Introduction: Make Crown Molding on the Cheap

 Today I am going to show you how to make a 6" crown molding for about 1/5 the cost of production crown.  This is what is considered a "built-up crown", meaning that the crown is assembled from parts as opposed to being molded in a shaper as one piece.

Step 1: Gathering Materials

 The room we did this to already had a 2" cove molding at the ceiling.  That will become the center of the crown.

Step 2: Route the Edges

 Next route each edge of the 1"x8".  This will make the back part of the molding.

Step 3: Rip the Boards

Next rip the 1"x8" into two pieces.  One side should be 3/4" of an inch wider than the other.  This will make a 90deg. corner with equal side.

Step 4: Pre-Paint

Paint all the pieces before you put them up.  It makes it much easier this way. 

Step 5: Test Assembly

This series of photo's show how the crown will be assembled on the wall.

Pic 1. These are the pieces used to make the molding. The screen molding, the 2" cove in the middle and the 1"x8" to the right.  The second photo shows how the back pieces fit together.

Pic 2. This show how the back pieces will be fit together.

Pic 3. The screen molding is attached to the back piece on the wall.

Pic 4. Put the cove molding against the screen molding and tack in the screen molding to the back piece on the ceiling to hold in the cove.

Pic 5. The profile of your new crown molding.

Next we will make the corner and center blocks.

Step 6: Corner Blocks

 To make the corner blocks start by cutting a 2"x4" into blocks.  Spread glue evenly on two blocks.  Put the glued sides toward each and clamp.  Since only the inside of the blocks are glued, you can clamp all the blocks at once.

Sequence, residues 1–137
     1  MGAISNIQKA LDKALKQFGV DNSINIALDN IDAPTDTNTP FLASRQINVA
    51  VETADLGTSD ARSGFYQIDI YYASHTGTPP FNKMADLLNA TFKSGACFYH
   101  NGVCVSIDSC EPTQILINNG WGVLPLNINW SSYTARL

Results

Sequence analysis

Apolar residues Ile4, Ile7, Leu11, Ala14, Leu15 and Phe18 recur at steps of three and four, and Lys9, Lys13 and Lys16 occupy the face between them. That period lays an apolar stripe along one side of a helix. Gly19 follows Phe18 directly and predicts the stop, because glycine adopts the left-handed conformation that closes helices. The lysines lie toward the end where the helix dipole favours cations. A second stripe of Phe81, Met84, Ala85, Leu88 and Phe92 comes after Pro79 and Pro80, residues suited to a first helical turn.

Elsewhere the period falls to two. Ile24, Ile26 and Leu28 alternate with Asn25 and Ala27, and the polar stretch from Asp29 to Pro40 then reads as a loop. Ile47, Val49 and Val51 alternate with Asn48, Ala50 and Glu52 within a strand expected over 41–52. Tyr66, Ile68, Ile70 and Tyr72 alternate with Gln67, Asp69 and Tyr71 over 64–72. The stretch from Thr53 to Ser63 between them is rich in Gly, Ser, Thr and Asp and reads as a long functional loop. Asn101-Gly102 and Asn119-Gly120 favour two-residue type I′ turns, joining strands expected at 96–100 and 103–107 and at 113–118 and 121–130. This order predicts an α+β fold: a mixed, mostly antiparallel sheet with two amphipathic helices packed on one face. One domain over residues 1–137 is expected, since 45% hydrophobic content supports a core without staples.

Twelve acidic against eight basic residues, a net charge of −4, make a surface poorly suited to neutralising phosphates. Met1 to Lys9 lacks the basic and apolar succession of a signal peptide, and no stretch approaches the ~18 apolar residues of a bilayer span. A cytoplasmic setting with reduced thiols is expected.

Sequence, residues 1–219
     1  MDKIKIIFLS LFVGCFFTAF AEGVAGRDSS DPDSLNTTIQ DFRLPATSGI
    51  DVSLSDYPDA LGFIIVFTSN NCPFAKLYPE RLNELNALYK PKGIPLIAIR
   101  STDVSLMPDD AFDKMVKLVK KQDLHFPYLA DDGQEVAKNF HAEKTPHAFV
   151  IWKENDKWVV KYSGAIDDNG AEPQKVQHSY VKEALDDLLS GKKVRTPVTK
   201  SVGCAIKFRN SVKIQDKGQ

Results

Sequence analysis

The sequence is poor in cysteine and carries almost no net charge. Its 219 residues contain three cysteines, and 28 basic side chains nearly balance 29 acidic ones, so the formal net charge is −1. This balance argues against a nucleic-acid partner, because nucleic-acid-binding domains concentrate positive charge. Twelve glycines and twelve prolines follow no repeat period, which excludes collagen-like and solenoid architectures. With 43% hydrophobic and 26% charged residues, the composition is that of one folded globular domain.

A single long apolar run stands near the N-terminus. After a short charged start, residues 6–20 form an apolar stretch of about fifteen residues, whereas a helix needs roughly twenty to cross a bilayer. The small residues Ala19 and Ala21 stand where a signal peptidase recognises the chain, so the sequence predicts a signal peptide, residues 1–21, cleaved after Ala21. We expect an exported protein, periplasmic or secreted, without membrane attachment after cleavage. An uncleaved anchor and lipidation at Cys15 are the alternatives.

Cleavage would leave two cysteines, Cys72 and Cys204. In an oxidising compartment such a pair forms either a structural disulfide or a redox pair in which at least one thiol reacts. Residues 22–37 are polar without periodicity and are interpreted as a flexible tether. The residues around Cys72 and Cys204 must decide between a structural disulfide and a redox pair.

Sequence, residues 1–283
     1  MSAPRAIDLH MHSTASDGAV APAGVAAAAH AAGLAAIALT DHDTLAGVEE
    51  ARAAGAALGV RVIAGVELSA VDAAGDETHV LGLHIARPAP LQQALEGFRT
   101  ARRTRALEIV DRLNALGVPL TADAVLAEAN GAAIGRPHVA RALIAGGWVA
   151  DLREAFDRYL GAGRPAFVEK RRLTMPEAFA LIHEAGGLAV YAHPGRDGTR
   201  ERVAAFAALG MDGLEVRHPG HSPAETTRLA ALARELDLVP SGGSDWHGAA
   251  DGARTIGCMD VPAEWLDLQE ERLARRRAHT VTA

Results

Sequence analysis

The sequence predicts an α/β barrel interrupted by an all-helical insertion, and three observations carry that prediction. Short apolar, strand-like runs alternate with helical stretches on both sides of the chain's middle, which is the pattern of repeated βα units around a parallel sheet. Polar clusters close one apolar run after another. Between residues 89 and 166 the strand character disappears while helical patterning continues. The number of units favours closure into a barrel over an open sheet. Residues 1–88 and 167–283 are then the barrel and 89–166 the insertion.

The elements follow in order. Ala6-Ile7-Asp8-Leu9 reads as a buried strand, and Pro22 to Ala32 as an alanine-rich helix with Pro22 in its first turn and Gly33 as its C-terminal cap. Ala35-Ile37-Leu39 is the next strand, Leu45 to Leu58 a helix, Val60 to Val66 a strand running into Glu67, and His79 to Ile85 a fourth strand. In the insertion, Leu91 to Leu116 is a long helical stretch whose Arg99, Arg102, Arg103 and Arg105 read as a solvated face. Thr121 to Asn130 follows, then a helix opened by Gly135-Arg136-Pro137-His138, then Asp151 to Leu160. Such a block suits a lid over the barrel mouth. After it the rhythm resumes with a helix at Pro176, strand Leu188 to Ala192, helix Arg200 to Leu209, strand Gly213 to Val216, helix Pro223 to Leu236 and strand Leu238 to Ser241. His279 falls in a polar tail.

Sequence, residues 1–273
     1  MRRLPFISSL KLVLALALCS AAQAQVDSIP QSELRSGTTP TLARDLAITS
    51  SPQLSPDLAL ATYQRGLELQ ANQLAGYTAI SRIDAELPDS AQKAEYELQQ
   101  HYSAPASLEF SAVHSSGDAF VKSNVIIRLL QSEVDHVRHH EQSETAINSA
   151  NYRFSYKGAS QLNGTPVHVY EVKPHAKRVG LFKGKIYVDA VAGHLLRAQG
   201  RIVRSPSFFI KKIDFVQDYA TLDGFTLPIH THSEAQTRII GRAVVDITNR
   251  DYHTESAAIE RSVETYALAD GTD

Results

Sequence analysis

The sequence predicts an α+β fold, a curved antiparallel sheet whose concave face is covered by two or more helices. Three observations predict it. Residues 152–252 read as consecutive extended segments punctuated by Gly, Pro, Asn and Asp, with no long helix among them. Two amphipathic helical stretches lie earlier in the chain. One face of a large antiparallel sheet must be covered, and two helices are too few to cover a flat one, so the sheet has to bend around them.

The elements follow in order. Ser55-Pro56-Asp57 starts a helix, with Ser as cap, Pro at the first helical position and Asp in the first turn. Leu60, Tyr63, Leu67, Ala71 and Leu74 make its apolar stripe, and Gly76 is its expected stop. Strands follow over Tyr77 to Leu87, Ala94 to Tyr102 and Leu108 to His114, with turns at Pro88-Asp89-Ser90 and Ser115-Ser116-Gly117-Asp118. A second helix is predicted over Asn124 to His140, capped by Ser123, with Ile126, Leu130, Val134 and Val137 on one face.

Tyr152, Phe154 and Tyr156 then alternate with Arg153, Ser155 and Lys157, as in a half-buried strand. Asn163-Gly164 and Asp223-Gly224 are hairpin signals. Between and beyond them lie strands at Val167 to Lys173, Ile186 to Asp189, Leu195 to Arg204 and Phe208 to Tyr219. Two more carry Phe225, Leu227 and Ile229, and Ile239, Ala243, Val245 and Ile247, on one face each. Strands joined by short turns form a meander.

Step 7: Finishing Corner Blocks

 Next trim the blocks square.  I used my miter saw for this but you could use a table saw as well.  Once the blocks are squared, and cut to size, route one edge of the block.  For an outside corner you may have to notch the back edge. 

Next comes the center blocks.

Step 8: Making the Center Blocks

 To make the canter blocks I started by tracing the profile of the crown to a single block of 2"x4".  Then I traced a profile 1/4" wider than the profile.  Using the band saw I cut just to the line of the wider profile.  After all the blocks were cut they were all sanded.

Step 9: Final Assembly

Start putting up your crown by attaching the widest of the back pieces to the ceiling.  Notice that the corners of the board are mitered.  This is a simple 45 deg. miter.  Using the blocks saves from having to do any complicated compound miters normally associated with crown molding.  Next attach the narrow piece to the wall again using simple miters.  If your boards are not long enough for the room, miter the ends at 45 deg. to hide the seam.  Next attach your corner and center blocks to the back pieces.  Next attach the bottom piece of screen molding.  Keep this piece level.  If your walls are uneven the difference can be made up at the top.  An uneven line will be much less noticeable if it is on the ceiling and not the wall.  Once you have the bottom piece in you can stet your cove molding in place.  Once it is in position attach the second piece of screen molding to the top plate adjusting for any unevenness in the wall or ceiling.
Continue around the room until you get back to your starting point.
Congratulations!  You now have a beautiful 6" crown molding around your room. 

Step 10: Summary

 We decided to do this because a similar crown would have cost us about $500 to put in.  We were able to do the whole room for $125 including paint..
We chose to paint ours in three colors but its your molding, finish it the way you like and have some fun!

Comments

author
uniquo (author)2012-11-21

terrific guide....everyone else has said to glue it... I'm scared the glue will lose the stickiness and fall on peoples heads.

author
Phil B (author)2010-12-13

Back in the 1960's and 1970's Sears included a little booklet with their circular saw blades and molding cutters that showed end drawings of all sorts of molding configurations. Many of these were made up of individual parts glued up to make a much larger molding profile, much as you have done. Yours is a good idea done well. Thank you for a nice and useful Instructable.

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